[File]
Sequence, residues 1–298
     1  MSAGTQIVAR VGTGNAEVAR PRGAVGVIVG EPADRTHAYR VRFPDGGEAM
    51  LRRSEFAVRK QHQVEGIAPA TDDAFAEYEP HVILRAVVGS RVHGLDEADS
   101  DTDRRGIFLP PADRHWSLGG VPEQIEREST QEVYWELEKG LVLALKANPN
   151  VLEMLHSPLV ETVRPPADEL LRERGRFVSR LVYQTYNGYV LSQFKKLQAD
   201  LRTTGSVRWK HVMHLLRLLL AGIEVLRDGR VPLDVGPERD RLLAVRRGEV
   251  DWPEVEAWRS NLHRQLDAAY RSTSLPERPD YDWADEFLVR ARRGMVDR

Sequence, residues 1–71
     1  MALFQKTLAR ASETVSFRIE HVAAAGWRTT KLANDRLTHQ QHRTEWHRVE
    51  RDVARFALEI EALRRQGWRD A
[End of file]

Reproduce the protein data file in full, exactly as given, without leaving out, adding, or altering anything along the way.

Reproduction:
Sequence, residues 1–298
     1  MSAGTQIVAR VGTGNAEVAR PRGAVGVIVG EPADRTHAYR VRFPDGGEAM
    51  LRRSEFAVRK QHQVEGIAPA TDDAFAEYEP HVILRAVVGS RVHGLDEADS
   101  DTDRRGIFLP PADRHWSLGG VPEQIEREST QEVYWELEKG LVLALKANPN
   151  VLEMLHSPLV ETVRPPADEL LRERGRFVSR LVYQTYNGYV LSQFKKLQAD
   201  LRTTGSVRWK HVMHLLRLLL AGIEVLRDGR VPLDVGPERD RLLAVRRGEV
   251  DWPEVEAWRS NLHRQLDAAY RSTSLPERPD YDWADEFLVR ARRGMVDR

Sequence, residues 1–71
     1  MALFQKTLAR ASETVSFRIE HVAAAGWRTT KLANDRLTHQ QHRTEWHRVE
    51  RDVARFALEI EALRRQGWRD A